6th November 2019

VSCO girls, a feminist issue? – Opinion

Opinion pieces are the view of the author and in no way reflects the view of the Liverpool Guild Student Media or Liverpool Guild of Students.

VSCO Girls: It’s 2019, why are we still mocking young girls and the things they enjoy?

I should preface this by saying that I only learnt what a VSCO girl was yesterday, and I’ve already decided I’m an expert, so take from that what you will.

The Urban Dictionary defines a VSCO girl as a girl who “wears oversized t-shirts or sweatshirt with Nike shorts. Has Vans, Crocs, Birks, and wears a shell necklace. She also wears tube tops and Jean shorts. There is always a hydro flask in hand. She can’t leave home without a scrunchie and her favourite car is a jeep.” Other important traits include Kanken backpacks, using metal straws to save the turtles, and using “sksksksks” and/or “and I oop” in everyday life. The term ‘VSCO’ comes from the name of a photo editing app, mainly used for posting pictures on Instagram.

After first learning what a VSCO girl was, I went through three distinct phases of opinion on it:

The First Phase:

This lasted around a minute, or until I became aware that I don’t really know many VSCO girls. The entire joke around them felt fairly unrelatable. There are a handful of girls in my friendship group who possess maybe 2/5th of the traits associated with VSCO girls. It should be noted that the trends seem to be more common with Americans, usually aged between 12 and 15, and I don’t hang out with many of them.

The Second Phase:

After initially finding it entertaining, I moved into the second phase, where the whole idea made me feel slightly uncomfortable. This was first because some of the traits associated with VSCO girls are traits taken by white girls from the LGBT community. Secondly, it was because it felt as though a large group of 13ish-year-old girls had all developed new trends and interests since Justin Bieber and One Direction (which is what people were interested in when I was 13). So, the rest of the world had collectively decided they would mock it and anyone interested in it.

It often feels like there’s no way for girls to win. Anyone who fits the description of a VSCO girl is mocked, called basic, and not taken seriously. Yet, any girls who rebel against these trends are also mocked and said to just be pretending to impress boys or avoid the teasing. When a few girls perfectly fit the description of a VSCO girl, and far more relate to one or two of the characteristics, trying to group them all together seems pointless. To do so purely to make fun of them is just cruel.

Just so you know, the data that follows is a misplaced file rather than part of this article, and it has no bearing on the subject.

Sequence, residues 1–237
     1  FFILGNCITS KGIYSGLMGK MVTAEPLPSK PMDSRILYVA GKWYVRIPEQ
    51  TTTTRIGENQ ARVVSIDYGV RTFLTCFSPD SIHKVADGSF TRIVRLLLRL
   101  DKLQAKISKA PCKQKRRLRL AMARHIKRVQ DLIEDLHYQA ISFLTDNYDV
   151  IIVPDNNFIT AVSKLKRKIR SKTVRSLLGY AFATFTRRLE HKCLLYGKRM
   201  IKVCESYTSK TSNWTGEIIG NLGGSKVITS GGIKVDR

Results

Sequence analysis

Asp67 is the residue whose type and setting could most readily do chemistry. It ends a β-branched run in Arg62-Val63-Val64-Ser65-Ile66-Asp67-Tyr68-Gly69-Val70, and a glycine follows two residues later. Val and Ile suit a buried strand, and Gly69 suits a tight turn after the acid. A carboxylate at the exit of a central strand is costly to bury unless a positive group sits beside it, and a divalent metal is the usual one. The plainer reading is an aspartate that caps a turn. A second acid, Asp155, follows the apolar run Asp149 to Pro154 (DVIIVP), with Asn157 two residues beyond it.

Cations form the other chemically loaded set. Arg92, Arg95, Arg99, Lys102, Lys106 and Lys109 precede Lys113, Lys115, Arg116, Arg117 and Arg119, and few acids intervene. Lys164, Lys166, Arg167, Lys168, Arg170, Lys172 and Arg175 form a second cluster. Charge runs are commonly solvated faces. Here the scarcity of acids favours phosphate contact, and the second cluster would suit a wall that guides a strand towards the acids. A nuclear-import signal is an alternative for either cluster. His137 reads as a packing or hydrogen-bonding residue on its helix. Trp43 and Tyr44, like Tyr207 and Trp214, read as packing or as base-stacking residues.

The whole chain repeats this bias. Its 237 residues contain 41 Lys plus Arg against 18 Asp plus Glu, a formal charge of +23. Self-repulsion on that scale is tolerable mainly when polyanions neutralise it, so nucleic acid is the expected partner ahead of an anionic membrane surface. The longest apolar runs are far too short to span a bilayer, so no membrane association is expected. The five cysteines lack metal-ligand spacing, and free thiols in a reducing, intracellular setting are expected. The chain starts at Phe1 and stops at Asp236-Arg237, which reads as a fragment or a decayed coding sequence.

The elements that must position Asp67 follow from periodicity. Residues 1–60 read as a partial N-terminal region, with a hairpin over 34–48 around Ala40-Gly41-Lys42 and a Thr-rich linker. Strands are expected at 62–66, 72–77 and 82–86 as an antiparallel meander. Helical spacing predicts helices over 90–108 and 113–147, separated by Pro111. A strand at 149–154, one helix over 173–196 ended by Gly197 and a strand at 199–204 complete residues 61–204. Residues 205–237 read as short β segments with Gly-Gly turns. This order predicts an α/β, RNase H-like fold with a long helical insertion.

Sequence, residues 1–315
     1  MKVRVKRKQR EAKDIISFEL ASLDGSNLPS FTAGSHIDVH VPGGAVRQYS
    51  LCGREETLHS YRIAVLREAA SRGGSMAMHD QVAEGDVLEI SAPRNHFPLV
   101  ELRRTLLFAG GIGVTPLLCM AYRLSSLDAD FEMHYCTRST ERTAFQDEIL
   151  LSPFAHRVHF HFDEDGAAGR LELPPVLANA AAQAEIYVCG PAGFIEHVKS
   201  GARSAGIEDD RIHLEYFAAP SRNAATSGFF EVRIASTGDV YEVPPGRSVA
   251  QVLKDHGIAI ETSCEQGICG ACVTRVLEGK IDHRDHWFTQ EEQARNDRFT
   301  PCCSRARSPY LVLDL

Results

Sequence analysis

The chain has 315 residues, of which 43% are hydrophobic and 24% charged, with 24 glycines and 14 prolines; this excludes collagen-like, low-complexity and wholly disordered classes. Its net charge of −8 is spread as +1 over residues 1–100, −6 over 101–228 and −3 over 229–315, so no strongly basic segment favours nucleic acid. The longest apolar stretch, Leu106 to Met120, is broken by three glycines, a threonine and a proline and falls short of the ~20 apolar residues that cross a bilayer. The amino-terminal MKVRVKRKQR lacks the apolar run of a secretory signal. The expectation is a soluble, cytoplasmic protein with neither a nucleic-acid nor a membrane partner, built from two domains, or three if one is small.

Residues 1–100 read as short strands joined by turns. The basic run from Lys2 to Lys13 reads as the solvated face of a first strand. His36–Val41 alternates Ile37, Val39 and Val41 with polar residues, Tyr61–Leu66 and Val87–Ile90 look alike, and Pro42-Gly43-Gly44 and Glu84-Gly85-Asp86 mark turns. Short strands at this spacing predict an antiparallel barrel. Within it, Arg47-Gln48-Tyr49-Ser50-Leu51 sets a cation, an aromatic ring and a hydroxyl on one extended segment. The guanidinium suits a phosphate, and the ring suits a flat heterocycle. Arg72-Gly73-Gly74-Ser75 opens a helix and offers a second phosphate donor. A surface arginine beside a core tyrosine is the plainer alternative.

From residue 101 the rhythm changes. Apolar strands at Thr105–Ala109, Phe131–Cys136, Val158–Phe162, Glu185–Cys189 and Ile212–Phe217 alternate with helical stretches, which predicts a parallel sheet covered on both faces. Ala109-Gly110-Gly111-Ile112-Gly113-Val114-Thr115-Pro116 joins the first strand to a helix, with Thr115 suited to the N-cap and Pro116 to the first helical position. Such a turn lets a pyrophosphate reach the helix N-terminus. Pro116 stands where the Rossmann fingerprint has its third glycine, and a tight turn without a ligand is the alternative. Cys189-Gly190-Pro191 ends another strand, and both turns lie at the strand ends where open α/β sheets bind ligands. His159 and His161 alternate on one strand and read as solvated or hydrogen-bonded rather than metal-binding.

This categorising is something that is overwhelmingly focused on young girls, as the world seems perfectly able to understand that other age groups are all full of individuals with their own interests and ideas. Arguably, young girls are more prone to a tribalistic, need-to-like-this-thing-because-it-is-the-cool-thing-to-like mindset. That is a mindset imposed upon them by the rest of society. We force these girls to focus on their looks and care so deeply about what other people think of them. When that pressure forces them to band together so that they can choose what is cool and what isn’t, we become afraid of their power and try to diminish it.

The Final Phase:

After becoming slightly more incensed than I usually do having a casual stroll through twitter, I entered the third and final phase.

In this phase, I decided I kinda need to chill. The mocking and teasing that 13ish-year-old girls face is undoubtedly unfair, and certainly something that needs to be addressed. However, I should also note that “13ish-year-old girls” should actually read “13ish-year-old straight white girls”. While their trends and interests should not be mocked by virtue of who is interested in them, there are also bigger issues that the feminist movement could be focusing time and resources on.

So I will continue to drink from my hydro flask, my housemate will still carry her Kanken backpack into lectures, and my coursemate will use a metal straw in every bar we go to. We will all do so with very little consideration of the stereotype we are supposedly embodying.

Feature Image Credit: Court Cook – Unsplash – “VSCO” Women